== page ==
WASHINGTON—Hours after U.S. commanders announced Thursday that the surge of American troops into Iraq will be larger and last longer than President Bush first indicated, Democrats in Congress decided for the first time to try to force the withdrawal of all U.S. troops from Iraq by a certain date.
Democrats in the House of Representatives would withdraw all troops by September 2008, or sooner if Iraq's government fails to meet certain benchmarks for progress. Senate Democrats announced a similar plan that sets a goal of completing withdrawal by March 31, 2008.
The developments in both chambers marked the strongest challenge so far to the White House over the war. Although it's unlikely that a firm deadline will pass both houses of Congress given Republican strength in the Senate, Democrats said their new efforts were an important step and a way to increase pressure on Bush to change Iraq policy and on the Iraqi government to resolve sectarian differences and end the nation's deadly violence.
Republicans denounced the Democrats' plans as an attempt to limit the options of Gen. David Petraeus, the top commander in Iraq. Petraeus said Thursday in Baghdad that he was considering keeping troops at higher levels well into next year and that more troops were needed to fight insurgents in Diyala province.
Pentagon officials had announced this week that the president's proposed surge of 21,500 troops in fact would require up to 30,500 service members in all.
Bush had put the total at 21,500 on Jan. 10, and Defense Secretary Robert Gates has spoken of beginning to draw them down by late summer. On Wednesday Gates said Petraeus needed another 2,200 military police and about 2,400 more support troops. His deputy, Gordon England, said earlier this week that support troops could total 7,000.
Dan Bartlett, a presidential adviser who was traveling with Bush to Brazil on Thursday, said the House Democrats' plan "would unnecessarily handcuff our generals on the ground, and it's safe to say it's a nonstarter for the president." He said Bush would veto any legislation containing such terms.
House Speaker Nancy Pelosi, D-Calif., dismissed a veto possibility.
"I say to my colleagues, never confine your best work, your hopes, your dreams, the aspirations of the American people to what will be signed by George W. Bush, because that is too limiting a factor," Pelosi said. "We have to pass it, show that it has support across the country, take the conversation to the American people. And, hopefully, he will hear them."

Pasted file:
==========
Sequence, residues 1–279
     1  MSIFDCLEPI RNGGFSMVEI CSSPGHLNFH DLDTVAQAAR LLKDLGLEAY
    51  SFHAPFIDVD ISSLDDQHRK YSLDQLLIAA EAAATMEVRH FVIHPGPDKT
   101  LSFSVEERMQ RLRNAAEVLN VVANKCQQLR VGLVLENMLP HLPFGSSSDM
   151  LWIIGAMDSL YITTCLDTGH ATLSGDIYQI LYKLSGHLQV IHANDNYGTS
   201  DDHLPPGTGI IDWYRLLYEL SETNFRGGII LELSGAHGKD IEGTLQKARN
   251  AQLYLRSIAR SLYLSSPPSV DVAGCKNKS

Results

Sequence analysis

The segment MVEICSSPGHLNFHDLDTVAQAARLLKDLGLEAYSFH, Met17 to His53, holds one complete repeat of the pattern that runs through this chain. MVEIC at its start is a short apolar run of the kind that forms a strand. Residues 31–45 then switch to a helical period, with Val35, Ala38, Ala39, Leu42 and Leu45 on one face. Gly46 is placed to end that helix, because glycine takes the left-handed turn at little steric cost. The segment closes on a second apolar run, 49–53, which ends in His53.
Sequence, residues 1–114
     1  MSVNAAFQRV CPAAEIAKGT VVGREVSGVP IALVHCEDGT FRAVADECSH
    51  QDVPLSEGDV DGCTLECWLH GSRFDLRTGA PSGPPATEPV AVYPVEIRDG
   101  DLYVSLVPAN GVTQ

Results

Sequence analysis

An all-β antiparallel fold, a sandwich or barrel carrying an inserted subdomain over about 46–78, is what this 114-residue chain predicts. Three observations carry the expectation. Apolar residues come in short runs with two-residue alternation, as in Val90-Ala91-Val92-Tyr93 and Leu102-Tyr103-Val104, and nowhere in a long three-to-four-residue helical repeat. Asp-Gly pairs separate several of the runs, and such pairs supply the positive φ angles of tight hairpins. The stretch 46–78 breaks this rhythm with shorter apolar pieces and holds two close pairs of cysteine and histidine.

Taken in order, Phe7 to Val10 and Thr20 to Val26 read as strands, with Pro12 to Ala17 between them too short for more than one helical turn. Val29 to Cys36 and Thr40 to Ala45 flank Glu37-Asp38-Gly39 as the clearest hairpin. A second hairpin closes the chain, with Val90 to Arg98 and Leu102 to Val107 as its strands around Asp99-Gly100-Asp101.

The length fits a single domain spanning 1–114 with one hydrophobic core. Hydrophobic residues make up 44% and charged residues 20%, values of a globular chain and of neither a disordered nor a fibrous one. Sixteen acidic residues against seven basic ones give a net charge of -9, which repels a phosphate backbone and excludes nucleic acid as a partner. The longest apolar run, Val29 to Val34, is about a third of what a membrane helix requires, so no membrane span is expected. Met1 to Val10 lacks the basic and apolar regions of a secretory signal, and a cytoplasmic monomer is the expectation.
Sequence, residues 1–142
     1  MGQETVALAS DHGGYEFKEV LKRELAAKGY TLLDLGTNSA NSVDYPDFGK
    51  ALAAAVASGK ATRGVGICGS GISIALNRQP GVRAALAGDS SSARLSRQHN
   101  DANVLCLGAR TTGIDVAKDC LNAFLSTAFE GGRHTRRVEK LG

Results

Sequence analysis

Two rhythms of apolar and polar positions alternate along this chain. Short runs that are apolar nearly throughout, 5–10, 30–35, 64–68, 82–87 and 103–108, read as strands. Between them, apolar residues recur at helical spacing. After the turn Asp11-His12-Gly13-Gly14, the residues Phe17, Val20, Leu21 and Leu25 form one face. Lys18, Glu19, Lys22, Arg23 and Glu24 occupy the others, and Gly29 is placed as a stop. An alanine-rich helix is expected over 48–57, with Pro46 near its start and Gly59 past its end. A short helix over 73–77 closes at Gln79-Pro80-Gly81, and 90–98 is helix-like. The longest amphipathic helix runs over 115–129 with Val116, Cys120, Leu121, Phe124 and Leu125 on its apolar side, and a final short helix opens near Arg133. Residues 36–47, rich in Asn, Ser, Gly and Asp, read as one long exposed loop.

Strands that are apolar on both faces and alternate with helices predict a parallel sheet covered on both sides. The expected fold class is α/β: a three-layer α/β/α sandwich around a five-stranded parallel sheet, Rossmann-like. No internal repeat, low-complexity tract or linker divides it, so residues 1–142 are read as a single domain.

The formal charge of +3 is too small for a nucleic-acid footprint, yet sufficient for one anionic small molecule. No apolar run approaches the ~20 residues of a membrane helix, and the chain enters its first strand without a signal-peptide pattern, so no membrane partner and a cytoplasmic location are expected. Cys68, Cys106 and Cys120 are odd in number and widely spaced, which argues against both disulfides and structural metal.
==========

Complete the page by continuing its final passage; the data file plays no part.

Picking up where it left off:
In the Senate, where Democrats command a razor-thin 51-49 majority, Majority Leader Harry Reid, D-Nev., announced his withdrawal plan at a news conference that was intended to show that his caucus was largely unified behind him.
In the House, however, it wasn't immediately clear whether the 70-member group of Democrats that's calling for immediate withdrawal was ready to back Pelosi's plan.
Rep. Lynn Woolsey, D-Calif., a member of the Out of Iraq caucus, said she'd vote against the plan. She backs a counterproposal by Rep. Barbara Lee, D-Calif., that would withdraw all American forces by Dec. 31.
Rep. Jim McDermott, D-Wash., another member of the Out of Iraq caucus, said he needed more time to study the proposal. He and other Out of Iraq members met in a private session with Pelosi on Thursday afternoon.
Rep. Dennis Cardoza, R-Calif., a member of the "Blue Dogs" coalition of conservative Democrats, said he supported Pelosi's plan.
"I believe the firm benchmarks set out will push Iraqis to finally step up and take responsibility for their country. Ultimately, Iraq's future must be determined by Iraqis, not the United States," Cardoza said.
Pelosi's proposal would attach timelines for redeployment to the roughly $100 billion supplemental war-spending bill. It could reach the House floor within two weeks.
It also calls for:
_Troop redeployments that could begin as soon as July and no later than next March. With a 180-day redeployment schedule, that would have soldiers out of Iraq by September 2008.
_Adding $3.5 billion to correct poor conditions at Walter Reed Army Medical Center in Washington and to increase efforts against al-Qaida and the Taliban in Afghanistan.
The Senate plan was similar, but wasn't attached to a spending bill. It would withdraw most U.S. forces from Iraq beginning 120 days after a joint House-Senate resolution was enacted. All combat forces would leave Iraq by the end of next March, but some American troops would remain for force protection, training Iraqis and fighting terrorists.
"We can't stay in Iraq forever. That's an understatement. The question becomes whether we'll continue to follow the president's failed strategy or whether we work to change course," Reid said.
Reid proposed to open debate next week, but Minority Leader Mitch McConnell, R-Ky., made a procedural move to block that, saying he needs more time to consult with fellow Republicans.
The House Republican leader, John Boehner of Ohio, said he'd vote against the redeployment plan and that he doubted it would pass.
"Republicans are not going to vote to tie the hands of our generals and our troops on the ground," he said. "Arbitrary timelines do nothing more than signal to the enemy what our strategy is."
(c) 2007, McClatchy-Tribune Information Services.